It was many years later in the 1960s a tall 6’0 Visayan athlete named Josephine De la Vina who had a Mexican father became our greatest ever Female athlete making 11th in the final of the 1968 Olympic Games in Mexico.  To this very day, De La Vina Philippines national records in the Discus have stood for 55 and 49 years respectively with nobody even getting anywhere near close. Big Jo national record of 54.71m would still have landed her silver in the 2019 SEA Games some 48 years later. Jo grew up in the Philippines and was part of the now-forgotten Fructosa Soriano powerhouse Cebu Institute of Technology (CIT) team which dominated Philippines women athletics in the 1960s. 

The late great Josephine Dela Vina who was inducted upon the Nomination of Pinoyathletics to the PSC Hall of Fame a few years ago famously said this.

 

 

 

“Every time I’d win in an international meet, tears would fill my eyes when the Philippine tri-color was hoisted and the band played the National Anthem. Although my father is Mexican I believe I should remain a Filipino. I am proud to be one.”

 

There were several talented Fil-Heritage athletes prior to Gintong Alay such as Bobby Moore. But none of them to the same level as De La Vina. Take into account though the Philippines didn’t join the SEA Games until 1977.

Second Wave

It wasn’t until the late 1980s and early 90s  a new set of Fil-Heritage athletes emerged. This all started with ‘The Juice’ Luis Juico (the nephew of the current PATAFA President) who showed promising talent at an early age winning 2 silvers at the SEA Games in High Jump and setting a Phi Junior Record of 2.16m that still has not been broken since 1987.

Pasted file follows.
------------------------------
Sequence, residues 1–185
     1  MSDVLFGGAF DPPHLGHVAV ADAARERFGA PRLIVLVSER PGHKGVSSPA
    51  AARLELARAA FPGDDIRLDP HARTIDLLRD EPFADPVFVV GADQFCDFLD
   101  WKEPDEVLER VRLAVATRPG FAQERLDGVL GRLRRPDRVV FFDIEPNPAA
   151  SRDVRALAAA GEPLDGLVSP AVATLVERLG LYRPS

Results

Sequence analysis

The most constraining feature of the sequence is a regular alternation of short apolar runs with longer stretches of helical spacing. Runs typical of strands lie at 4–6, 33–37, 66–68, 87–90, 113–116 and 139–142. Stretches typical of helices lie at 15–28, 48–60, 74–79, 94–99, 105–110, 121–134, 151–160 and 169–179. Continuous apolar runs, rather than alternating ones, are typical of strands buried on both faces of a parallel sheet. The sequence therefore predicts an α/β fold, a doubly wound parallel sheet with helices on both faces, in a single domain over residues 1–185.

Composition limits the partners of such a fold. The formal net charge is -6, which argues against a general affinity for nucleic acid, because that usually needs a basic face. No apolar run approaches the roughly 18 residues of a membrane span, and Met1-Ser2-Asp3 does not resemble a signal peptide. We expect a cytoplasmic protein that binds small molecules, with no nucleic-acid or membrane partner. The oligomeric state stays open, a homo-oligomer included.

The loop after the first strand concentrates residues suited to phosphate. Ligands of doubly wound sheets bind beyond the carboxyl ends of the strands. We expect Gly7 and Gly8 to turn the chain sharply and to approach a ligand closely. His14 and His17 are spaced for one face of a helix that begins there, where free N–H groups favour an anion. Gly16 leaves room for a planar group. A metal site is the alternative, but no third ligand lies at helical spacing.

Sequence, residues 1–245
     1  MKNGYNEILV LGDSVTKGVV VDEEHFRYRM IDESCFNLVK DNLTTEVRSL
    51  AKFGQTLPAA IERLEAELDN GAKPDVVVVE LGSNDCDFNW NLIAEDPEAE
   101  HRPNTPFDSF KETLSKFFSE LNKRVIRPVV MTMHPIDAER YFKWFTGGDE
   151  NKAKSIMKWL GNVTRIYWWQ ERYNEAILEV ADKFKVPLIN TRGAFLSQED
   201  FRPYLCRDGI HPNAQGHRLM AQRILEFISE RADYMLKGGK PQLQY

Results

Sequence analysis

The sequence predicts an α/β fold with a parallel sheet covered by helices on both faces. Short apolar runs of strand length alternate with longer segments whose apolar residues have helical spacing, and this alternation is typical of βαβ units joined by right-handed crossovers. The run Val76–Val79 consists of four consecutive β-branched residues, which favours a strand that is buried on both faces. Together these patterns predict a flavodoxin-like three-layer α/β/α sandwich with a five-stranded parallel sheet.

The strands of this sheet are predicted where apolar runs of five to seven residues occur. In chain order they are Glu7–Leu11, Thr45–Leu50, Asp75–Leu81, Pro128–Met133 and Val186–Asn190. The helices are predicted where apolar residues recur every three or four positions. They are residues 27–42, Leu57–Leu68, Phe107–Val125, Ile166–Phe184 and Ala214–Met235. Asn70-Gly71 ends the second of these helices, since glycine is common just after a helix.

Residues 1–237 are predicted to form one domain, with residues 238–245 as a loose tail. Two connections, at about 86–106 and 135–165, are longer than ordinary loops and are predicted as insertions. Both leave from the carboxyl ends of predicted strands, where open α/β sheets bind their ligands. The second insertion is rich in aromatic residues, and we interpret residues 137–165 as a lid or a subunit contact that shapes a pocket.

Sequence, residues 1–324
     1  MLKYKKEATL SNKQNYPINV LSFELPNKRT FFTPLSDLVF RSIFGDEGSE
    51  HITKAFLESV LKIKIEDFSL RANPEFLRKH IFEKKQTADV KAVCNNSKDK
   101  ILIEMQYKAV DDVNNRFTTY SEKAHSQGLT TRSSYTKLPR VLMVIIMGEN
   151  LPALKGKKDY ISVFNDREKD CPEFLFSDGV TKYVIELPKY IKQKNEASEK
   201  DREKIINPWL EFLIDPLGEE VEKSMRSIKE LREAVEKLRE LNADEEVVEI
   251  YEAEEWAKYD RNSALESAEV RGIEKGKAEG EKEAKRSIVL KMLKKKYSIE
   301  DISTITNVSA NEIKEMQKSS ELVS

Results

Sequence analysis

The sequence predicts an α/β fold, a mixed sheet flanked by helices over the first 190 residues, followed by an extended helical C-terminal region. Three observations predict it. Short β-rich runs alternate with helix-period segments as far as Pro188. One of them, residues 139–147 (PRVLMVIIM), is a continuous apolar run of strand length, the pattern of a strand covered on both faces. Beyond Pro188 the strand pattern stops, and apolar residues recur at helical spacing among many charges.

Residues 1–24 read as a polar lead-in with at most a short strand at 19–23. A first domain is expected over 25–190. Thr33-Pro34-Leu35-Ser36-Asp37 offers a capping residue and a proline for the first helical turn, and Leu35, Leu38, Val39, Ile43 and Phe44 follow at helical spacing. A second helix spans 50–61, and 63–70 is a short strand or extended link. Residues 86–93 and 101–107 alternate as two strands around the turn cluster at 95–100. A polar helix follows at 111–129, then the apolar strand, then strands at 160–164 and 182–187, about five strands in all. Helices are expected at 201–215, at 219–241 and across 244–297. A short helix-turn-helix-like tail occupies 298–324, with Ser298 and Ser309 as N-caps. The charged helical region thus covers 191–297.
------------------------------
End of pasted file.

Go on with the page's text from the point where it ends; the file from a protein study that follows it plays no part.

lasquette ventura
lasquette ventura

Juico was followed a few years later by two friends from the United States Bruce Ventura and Edward Lasquete. Bruce held the Phi Record in the Shotput for many years before Baguio’s Eliezer Sunang broke his mark a few times. Lasquete went onto win 3 gold medals at SEA Games and qualify for the Olympics holding the Philippine Pole vault record for many years before it was broken by EJ Obiena

 

Third Wave

Fil-American Kashus Perona helped beef up the Filipino Relay squad to win the Gold in the 2005 SEA Games.

The next big revival of FIlams did not come until 2005 via the efforts of Jerry Cablayan and Jim Apelar who set up an earlier version of the Fil-Heritage program. Bringing over 15 Fil Americans to the 2004 National Open. Of this batch 2 of the 15 were good enough to win SEA Games medals.

The shock continued. When Kashus Perona defeated SEA Games Champion Ernie Candelario of Iloilo and Jimar Aing (2005 SEA Games Champion). The 6’1 Perona was of mixed origin with Filipino-Heritage.

At the SEA Games in 2005 Perona was not selected for the individual 100m and Aing and Candelario went 1-2. He did however join the 4×400 and helped the team which also included Julius Nierras to win a Gold  Medal. Also in that team was Deborah Samson who held the Philippine women’s pole vault record for many years.

 

The revival of Fil-Heritage Athletes in the National Team

There has been a deluge of Fil-Heritage athletes representing the Philippines. This is nothing new.  The revival really came in 2013 when Eric Cray contacted me after he had been largely ignored by the PATAFA on their old multiply site in 2012. I contacted the aging Benjamin Silva Netto the secretary General of PATAFA to seek his help with Eric. After persuading Eric I wasn’t trying to scam him. He finally presented me with a copy of his Filipino passport I passed onto the PATAFA. Doing all this before I even started working for the PSC. I took a real risk helping Eric Cray. I didn’t have the resources to back him. And I knew it would be a huge blow to my reputation if this didn’t go well. 

Hit and Miss